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Sep 28, 2015

Obviously, nothing in human behavior is universal. There are cultural variations that are marked across all of time. I would expect, on average, that a society with Confucian-type hierarchical collective values would see the new generation show more deference and less conflict to their elders. Even if that specific assumption is in fact wrong for any number of sociological or psychodynamic reasons, from conflicts and inequalities

Still, throughout all of history, it is certainly a recurring pattern that the younger generation clashes with the older generation.

There are also good psychological reasons to expect that that would be the case. They include

Ego Formation: We have good developmental psychology reasons to believe that children in general are building their ego and who they are into adolescence. Even in societies where the career of a child may have been effectively chosen for her or him a long time ago, they still found themselves forming their own personality. Fighting against one's elders is how one marks oneself as distinct.

Social Advancement: Whether one is talking about competitive institutions where the young want to overthrow the old guard, or just about the progress of science and values, there are inevitable differences across generations. Today, the young often find themselves having to explain the basics of social media or computer technology to the older generations. That causes frustration. When it's just explaining to Grandma how to post on Facebook, that's just mild annoyance. But when a young business major is trying to get a company to embrace a social media strategy, real money and opportunity can be on the line.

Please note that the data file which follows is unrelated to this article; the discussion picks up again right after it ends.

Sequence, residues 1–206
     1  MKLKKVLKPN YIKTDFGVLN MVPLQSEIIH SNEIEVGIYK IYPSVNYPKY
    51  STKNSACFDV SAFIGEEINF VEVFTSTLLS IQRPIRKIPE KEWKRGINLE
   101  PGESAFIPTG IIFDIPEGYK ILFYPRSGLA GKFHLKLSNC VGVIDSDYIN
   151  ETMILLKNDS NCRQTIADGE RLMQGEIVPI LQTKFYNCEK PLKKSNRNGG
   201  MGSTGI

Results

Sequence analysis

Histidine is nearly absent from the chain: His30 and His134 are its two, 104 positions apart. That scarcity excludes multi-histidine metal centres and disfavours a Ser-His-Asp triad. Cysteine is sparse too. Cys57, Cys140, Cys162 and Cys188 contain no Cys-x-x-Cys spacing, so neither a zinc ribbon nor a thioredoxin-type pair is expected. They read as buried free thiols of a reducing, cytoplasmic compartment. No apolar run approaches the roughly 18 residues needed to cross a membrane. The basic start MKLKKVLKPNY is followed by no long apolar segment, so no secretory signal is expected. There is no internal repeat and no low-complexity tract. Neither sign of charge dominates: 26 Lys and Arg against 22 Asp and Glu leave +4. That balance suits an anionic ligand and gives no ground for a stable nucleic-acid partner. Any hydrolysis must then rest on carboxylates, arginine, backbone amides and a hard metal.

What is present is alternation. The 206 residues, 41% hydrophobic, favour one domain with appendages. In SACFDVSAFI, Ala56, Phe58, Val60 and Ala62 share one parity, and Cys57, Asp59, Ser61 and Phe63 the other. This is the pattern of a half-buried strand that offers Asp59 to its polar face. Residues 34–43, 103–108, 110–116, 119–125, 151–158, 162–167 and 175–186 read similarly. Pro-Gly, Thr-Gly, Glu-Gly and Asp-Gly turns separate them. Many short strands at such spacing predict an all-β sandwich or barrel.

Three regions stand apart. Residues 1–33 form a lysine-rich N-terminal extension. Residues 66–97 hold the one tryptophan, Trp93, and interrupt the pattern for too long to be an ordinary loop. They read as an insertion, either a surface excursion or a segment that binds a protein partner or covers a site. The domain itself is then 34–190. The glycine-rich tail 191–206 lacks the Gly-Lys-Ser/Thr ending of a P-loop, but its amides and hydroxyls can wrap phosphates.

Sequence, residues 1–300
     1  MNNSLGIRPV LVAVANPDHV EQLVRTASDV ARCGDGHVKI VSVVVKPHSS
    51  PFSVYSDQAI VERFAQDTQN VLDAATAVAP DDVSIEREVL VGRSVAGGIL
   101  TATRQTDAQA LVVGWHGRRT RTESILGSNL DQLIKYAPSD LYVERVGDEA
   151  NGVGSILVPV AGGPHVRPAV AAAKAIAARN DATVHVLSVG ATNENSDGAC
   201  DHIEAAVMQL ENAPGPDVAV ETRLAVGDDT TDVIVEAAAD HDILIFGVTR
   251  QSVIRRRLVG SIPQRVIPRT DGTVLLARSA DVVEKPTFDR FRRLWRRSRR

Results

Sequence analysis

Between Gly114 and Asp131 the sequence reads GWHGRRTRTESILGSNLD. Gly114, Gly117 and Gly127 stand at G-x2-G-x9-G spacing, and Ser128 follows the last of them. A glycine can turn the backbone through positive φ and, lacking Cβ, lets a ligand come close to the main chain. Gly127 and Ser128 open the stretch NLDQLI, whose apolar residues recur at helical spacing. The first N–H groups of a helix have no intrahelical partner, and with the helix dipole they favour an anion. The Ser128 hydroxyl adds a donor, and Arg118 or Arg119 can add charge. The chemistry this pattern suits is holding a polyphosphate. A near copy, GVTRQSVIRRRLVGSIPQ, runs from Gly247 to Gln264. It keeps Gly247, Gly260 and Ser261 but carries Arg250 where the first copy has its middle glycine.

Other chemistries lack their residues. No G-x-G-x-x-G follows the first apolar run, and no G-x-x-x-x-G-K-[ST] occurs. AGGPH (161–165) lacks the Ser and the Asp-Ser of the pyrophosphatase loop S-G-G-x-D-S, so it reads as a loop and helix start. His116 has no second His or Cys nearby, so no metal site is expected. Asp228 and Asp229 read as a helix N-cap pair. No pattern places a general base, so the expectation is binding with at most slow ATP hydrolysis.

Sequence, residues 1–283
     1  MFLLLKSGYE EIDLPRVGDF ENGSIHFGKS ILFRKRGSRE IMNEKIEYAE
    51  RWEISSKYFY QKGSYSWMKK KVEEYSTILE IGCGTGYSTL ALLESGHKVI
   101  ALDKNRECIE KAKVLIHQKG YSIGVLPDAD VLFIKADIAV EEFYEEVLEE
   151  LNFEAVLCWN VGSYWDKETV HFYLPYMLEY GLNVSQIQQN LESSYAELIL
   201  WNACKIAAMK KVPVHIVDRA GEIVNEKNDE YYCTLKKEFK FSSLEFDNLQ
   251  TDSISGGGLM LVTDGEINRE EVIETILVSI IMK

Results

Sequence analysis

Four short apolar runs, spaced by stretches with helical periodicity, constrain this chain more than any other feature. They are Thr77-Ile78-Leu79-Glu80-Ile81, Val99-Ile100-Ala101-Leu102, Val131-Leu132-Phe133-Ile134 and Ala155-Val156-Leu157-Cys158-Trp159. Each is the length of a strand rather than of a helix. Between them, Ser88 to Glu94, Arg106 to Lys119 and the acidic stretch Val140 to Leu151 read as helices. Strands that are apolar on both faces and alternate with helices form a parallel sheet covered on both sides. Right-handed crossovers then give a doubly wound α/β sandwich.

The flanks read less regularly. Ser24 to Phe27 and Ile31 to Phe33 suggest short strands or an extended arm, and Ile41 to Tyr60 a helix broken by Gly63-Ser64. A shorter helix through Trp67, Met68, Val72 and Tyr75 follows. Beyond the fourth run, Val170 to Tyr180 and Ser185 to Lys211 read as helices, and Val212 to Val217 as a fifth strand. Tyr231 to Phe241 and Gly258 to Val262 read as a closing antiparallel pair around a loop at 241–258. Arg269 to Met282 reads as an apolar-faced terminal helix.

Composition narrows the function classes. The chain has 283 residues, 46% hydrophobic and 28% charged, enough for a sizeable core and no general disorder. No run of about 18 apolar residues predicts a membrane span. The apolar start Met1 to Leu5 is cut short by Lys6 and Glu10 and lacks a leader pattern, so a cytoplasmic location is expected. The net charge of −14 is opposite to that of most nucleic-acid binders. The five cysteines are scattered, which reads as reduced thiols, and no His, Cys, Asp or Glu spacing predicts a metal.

Similarly, institutions like seniority and tenure can cause conflicts between the older groups who believe that their contributions may be being underrated to the younger groups who want to advance up the ladder.

Frontal Lobe Development: The frontal lobe in most people doesn't stop growing until substantially into the twenties. That causes the young to be willing to take risks that the older generation, or even their immediate peers just a little further along in their age group, are unwilling to take.

For these reasons amongst others, we have good reason to believe that some degree of intergenerational conflict will always occur. To some extent, this conflict is a positive expression of balance.

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